Podcasts are plentiful, free, and aimed at varied interests sure to appeal to high schoolers. Author Nate Dimeo regales listeners with snapshots of history in his terrific podcast The Memory Palace. Each episode is about 20 minutes, perfect for a short walk or commute. Hollywood buffs should try Karina Longworth’s You Must Remember This. A recent 12-episode arc examined cult leader Charles Manson’s connections to the movie industry and is as in-depth and as gripping as any true crime book. Music lovers might try Hrishikesh Hirway’s Song Exploder or Charlie Harding and Nate Sloan’s Switched on Pop.

Introduce audio at events—for example, turn a coloring program into a listening party featuring a curated playlist, including an audiobook teaser, a short podcast episode, a poem, and an excerpt from a radio play or performance.

In the real world

Launching an experience-based summer reading program? Try to keep it varied and story-focused. For example, bingo cards or stamped passports can invite teens to explore local museums, historic landmarks, and performances. Sarah Amazing, teen librarian at the Warren-Trumbull County (OH) Public Library, has these additional tips.

  • Identify specific destinations and provide a list of things to do. Consider your neighborhood farmer’s market or a special exhibit at your local art museum. Include local landmarks to encourage readers to learn more about where they live.
  • Create related book lists. If you’re encouraging teens to attend a local performance or play, provide titles related to the music or a play’s history. How about a visit to the local cemetery? Make it a scavenger hunt to find different eras of grave markers and share Mary Roach’s book Stiff (Norton, 2003), which explores how society treats the dead.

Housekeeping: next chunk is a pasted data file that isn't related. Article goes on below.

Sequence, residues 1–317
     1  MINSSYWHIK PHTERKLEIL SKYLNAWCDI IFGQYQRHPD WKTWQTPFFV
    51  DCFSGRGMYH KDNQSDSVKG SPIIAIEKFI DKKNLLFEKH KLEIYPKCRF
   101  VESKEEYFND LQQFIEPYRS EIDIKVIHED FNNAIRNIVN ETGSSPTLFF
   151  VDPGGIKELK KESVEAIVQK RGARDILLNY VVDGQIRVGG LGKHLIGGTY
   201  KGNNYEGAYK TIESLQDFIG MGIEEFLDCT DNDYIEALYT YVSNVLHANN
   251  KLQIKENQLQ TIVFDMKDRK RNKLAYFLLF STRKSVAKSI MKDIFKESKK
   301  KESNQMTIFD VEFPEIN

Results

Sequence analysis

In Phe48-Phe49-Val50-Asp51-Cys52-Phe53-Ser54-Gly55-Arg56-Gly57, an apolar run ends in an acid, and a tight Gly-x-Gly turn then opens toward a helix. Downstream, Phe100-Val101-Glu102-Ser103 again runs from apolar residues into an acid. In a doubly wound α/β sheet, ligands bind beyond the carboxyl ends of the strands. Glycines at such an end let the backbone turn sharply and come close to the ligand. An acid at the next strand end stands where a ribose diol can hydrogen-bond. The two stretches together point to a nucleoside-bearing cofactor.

• Shift traditional book reviews to new formats. Encourage teens to start their own blog or create a YouTube channel and post two videos. Reward them for reading a story aloud to someone or presenting a storytime for young readers, whether in the library or during a babysitting gig.

Crowdsource with a readathon

Consider crowdsourcing your summer reading titles—and holding a readathon to settle on the right title. This idea comes from the inventive Waltham (MA) High School librarian Kendall Boninti, who reinvented summer reading at her school last year by assigning the podcast Serial. This year, Boninti, the Waltham Public Library, and community leaders hosted a 24-hour readathon, during which more than 100 students read potential choices for the One School, One Story title. The 16 contenders were selected by the summer reading committee; participants read for 45 minutes, with 15-minute breaks. Community members came in to read aloud, cheer on the students, and provide treats. By the last hour, the students had selected Brendan Kiely and Jason Reynolds’s All American Boys (S. & S./Atheneum, 2015).

Brenner-Robin_Contrib_WebTeen librarian Robin Brenner blogs at “No Flying No Tights.”